Once all of the tests have been completed the family will be given the opportunity to discuss the future for their child. The team will support the family whilst they make their decision either to continue with the pregnancy or to end the pregnancy through termination.

Most babies with a single ventricle condition grow well in their mother’s womb. They are usually born between 38 and 40 weeks of pregnancy. It is only after birth, once their fetal circulation changes (see Fetal Circulation) that their defects begin to affect their bodies.

For more information on antenatal diagnosis refer to Antenatal Information.

Postnatal diagnosis

As long as the ductus arteriosus remains open, it is often difficult to detect that a newborn baby has a problem with its heart. (See Fetal Circulation).

As the ductus arteriosus closes the baby will become breathless and sweaty, sleep more and drink less milk. This can happen while the baby is still in hospital and may be detected by the midwife or doctor as they do their post-delivery checks or within a few days of going home when the midwife or health visitor should notice that the baby needs to see a doctor.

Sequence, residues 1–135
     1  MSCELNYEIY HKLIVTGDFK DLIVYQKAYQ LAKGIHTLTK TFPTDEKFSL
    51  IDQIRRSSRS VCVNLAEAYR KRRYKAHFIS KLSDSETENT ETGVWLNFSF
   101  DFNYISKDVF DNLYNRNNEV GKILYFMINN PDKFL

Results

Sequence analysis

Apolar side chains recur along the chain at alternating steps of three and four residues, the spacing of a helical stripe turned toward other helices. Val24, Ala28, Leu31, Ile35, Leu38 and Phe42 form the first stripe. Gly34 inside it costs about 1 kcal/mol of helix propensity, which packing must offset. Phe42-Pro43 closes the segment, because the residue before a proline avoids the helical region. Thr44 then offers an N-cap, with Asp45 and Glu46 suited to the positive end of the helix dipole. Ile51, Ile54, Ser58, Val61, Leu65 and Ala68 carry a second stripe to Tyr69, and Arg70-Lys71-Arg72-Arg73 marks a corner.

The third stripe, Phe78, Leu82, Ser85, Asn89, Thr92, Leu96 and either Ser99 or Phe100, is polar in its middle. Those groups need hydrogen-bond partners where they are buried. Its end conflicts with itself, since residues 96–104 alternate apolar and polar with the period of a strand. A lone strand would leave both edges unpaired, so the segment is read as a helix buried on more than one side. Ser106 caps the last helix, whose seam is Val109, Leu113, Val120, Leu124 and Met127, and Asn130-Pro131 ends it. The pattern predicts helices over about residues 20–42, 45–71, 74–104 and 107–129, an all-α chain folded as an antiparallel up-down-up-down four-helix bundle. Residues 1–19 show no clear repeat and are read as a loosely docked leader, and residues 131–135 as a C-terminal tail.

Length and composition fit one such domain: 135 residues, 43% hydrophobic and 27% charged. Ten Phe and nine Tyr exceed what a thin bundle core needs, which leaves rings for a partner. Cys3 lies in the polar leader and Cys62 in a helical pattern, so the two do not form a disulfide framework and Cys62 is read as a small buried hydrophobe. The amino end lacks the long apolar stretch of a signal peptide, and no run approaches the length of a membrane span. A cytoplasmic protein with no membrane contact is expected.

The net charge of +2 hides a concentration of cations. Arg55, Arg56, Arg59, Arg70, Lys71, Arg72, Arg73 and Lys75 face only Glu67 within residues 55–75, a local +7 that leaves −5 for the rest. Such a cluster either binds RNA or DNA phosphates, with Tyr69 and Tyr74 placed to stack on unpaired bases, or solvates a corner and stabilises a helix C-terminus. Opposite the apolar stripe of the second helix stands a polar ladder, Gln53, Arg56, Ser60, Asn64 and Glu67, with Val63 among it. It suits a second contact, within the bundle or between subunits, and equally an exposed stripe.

Once the baby has been referred to a paediatrician (baby doctor) tests will be done to try and find out what is causing the problem. Medicine called Prostaglandin will be given to the baby to try and keep the ductus arteriosus open, as this will keep the baby alive until treatment decisions can be made. (See Fetal Circulation).

The baby will be transferred with a medical team to the nearest hospital that treats congenital heart defects. Here the baby will have an ultrasound scan (echocardiogram or echo) similar to the scans done in pregnancy. The specialist heart team will be able to see what the heart looks like and will be able to make a diagnosis.

Questions commonly asked at the time of diagnosis

What causes the heart to form this way?